The leaders are also expected to endorse a number of instruments to prop up economic governance in the EU. The most important of these are a package of laws called the "six pack," which has divided the European Parliament and member states in recent months but a solution is expected to be reached.

At the heart of the conflict is how far the European Commission should enjoy a strengthened role in enforcing economic governance rules, with the member states showing reluctance to cede power to Brussels.

The national capitals are also resisting the idea that sanctions will be applied automatically when member states exceed the limits on budget deficit and debt and they are also lukewarm to the idea that members of the European Parliament should have the right to call on national ministers to appear in the European Parliament when their countries break the rules.

'Temporary' Internal Borders

The ministers will also endorse a commission proposal to allow the introduction of temporary internal borders inside the visa-free Schengen zone that encompasses most EU member states. The move was triggered when France earlier this year unilaterally decided to impose controls on its border to Italy to prevent people escaping upheaval in North Africa from entering.

Barroso defended the proposal by saying that it would guarantee that similar actions in the future would be handled in a more centralized fashion.

"We are also exploring the feasibility and design of a community-based safeguard mechanism which could in the last resort include the temporary reintroduction of internal border controls," Barroso said.

"Let me be crystal clear: this is not a rollback of the abolition of internal border, this is a way of strengthening the European dimension of the system so that individual member states don't feel pressured into acting unilaterally."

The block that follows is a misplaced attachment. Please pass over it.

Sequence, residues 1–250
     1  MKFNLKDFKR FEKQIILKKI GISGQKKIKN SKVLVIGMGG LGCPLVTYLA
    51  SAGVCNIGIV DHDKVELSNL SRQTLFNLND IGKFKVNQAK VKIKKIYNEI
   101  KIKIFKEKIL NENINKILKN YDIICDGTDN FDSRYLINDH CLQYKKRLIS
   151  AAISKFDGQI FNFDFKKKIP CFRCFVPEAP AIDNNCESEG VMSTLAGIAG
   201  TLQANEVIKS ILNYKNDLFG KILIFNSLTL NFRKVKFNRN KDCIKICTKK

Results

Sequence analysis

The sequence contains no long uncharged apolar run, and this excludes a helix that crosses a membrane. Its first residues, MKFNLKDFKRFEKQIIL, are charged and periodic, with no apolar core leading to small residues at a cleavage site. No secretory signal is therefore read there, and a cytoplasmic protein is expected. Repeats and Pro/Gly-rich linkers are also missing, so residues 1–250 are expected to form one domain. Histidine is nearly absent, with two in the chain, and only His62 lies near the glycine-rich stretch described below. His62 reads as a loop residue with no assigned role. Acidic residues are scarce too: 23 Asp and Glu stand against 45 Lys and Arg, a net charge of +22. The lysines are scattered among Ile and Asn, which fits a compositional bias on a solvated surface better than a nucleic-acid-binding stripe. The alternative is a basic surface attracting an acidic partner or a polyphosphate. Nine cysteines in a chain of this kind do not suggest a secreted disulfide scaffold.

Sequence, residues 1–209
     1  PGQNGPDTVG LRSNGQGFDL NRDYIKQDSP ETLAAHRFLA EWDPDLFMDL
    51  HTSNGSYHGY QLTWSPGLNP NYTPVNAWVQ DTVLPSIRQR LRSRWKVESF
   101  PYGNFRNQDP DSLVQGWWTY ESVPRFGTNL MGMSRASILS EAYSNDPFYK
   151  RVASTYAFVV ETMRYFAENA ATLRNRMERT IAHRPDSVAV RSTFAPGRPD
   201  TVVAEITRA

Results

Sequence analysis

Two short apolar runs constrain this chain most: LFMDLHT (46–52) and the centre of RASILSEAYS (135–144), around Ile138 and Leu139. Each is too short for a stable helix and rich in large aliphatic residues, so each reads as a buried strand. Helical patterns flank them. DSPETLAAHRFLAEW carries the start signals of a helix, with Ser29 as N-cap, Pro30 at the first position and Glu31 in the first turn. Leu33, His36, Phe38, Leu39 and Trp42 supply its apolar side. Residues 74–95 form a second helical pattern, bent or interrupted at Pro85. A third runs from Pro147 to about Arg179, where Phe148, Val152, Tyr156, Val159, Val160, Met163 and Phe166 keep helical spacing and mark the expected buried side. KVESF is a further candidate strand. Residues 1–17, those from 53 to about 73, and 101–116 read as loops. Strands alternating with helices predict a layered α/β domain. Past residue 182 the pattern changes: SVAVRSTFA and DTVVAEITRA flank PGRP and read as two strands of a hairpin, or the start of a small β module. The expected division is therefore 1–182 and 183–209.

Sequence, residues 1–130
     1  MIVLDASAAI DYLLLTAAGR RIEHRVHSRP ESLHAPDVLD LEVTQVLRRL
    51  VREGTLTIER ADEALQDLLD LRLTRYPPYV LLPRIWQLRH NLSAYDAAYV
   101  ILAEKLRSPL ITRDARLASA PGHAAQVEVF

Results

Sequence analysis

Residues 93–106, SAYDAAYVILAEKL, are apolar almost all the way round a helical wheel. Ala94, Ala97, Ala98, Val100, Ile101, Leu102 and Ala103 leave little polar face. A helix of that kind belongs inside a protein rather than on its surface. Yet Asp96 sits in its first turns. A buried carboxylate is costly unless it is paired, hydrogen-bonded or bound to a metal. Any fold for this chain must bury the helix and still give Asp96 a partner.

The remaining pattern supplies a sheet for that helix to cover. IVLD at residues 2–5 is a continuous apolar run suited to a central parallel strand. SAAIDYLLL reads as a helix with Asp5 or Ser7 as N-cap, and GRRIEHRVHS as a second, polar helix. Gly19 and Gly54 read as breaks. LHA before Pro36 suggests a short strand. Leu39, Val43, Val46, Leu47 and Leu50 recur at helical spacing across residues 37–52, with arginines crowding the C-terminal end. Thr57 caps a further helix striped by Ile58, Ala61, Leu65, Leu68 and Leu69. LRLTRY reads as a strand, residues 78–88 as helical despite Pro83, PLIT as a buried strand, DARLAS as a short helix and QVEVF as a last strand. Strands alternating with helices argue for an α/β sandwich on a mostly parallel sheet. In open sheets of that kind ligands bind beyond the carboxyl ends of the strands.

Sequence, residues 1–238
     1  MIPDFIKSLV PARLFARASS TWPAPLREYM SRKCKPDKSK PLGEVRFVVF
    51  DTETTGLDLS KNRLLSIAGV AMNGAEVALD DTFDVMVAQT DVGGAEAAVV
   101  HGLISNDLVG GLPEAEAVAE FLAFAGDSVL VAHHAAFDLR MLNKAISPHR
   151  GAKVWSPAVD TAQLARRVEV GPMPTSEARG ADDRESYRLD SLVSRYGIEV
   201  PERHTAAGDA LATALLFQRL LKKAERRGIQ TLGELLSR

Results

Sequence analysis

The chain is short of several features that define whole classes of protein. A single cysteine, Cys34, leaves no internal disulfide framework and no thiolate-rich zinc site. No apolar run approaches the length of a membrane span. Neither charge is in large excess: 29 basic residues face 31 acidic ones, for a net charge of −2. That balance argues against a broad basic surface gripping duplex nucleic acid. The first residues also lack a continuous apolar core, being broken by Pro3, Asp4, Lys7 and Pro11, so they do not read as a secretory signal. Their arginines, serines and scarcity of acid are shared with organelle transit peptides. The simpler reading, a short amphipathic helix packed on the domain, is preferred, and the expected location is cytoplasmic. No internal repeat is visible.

There will also be a decision to beef up the EU's border agency, Frontex, and to agree on a common asylum package that will ensure equal treatment across the union with minimum standards for reception and the same criteria for receiving refugee status in all member states.

Croatia will also be given the green light to become the EU's 28th member state by July 2013. Zagreb will hope to close its remaining accession negotiation chapters by the end of this month, including the difficult ones which deal with the reform of the country's judiciary and competition laws.

Some member states, including the United Kingdom and the Netherlands, are likely to ask for a monitoring mechanism in the run-up to Croatian entry to check if all promised reforms are implemented correctly.
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    Rikard Jozwiak

    Rikard Jozwiak is the Europe editor for RFE/RL in Prague, focusing on coverage of the European Union and NATO. He previously worked as RFE/RL’s Brussels correspondent, covering numerous international summits, European elections, and international court rulings. He has reported from most European capitals, as well as Central Asia.